The purpose of this paper is to compare the strategy formulation process recorded as being used during the Battle of Britain with concepts from current management theory.
The approach to the topic is through the medium of a case study. An account is given of the events in the battle, based on a variety of sources, and various management theories are then used in comparison.
The paper concludes that it was the strategic thought, or lack of it, that was the root cause of the German failure. The theories of strategic thinking; strategy formation; strategic change; and business level strategy are considered in turn in the context of the German side of the battle. The dominance of Hitler in the strategy formulation process is considered a disadvantage. Although the Luftwaffe had superior resources, the manner of their use was at fault. The strategy emerged over the period of the battle, but the results lacked consistency, coherence and a clearly defined aim.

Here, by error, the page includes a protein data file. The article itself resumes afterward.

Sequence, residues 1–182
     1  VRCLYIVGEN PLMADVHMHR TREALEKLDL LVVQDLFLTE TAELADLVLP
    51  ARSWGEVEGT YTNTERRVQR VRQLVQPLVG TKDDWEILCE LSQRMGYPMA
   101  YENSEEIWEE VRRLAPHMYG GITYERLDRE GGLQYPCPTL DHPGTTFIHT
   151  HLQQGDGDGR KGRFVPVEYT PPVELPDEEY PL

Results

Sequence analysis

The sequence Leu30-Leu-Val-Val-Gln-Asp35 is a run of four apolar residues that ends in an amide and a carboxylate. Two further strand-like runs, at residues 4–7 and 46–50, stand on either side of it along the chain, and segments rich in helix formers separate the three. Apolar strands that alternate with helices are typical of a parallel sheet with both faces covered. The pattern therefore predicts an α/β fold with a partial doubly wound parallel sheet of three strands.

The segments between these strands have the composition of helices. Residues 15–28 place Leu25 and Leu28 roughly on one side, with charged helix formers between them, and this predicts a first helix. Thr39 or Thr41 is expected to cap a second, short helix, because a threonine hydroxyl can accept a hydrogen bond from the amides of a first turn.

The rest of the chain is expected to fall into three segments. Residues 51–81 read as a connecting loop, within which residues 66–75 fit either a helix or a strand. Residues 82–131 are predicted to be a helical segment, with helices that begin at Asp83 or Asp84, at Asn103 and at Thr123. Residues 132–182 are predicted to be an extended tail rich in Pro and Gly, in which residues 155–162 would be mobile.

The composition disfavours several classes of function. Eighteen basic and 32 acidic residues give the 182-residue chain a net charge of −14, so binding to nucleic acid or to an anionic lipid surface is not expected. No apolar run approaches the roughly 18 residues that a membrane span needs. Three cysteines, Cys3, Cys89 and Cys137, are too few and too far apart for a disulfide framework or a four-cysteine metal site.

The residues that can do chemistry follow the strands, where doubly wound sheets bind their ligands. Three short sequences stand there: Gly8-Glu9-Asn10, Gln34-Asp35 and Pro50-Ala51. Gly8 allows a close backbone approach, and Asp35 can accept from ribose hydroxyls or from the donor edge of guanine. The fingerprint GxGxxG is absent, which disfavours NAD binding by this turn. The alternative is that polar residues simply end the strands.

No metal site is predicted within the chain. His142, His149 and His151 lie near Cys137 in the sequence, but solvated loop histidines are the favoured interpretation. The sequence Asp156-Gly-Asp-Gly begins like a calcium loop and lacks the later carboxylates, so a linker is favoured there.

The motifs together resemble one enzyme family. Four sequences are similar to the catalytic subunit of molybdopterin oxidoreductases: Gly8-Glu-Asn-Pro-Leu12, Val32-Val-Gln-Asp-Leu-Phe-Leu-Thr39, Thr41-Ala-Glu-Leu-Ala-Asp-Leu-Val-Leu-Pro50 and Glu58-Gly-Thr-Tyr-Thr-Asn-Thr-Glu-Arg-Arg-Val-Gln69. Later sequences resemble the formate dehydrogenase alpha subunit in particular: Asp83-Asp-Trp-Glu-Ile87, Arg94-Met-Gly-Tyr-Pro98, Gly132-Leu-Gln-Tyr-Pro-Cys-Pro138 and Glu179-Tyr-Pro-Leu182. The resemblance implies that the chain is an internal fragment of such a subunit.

Comparison of military and business strategy formulation processes is a valuable means of considering the validity of strategic management theory. Caution has to be exercised, however, when considering events 65 years ago and in making military business comparisons, which though indicative are never completely exact.
It is hoped that this comparative case study will be of value both to practising managers and to those researchers who can see value in this methodology. Military strategists should find value in the use of strategic management theories in their field.
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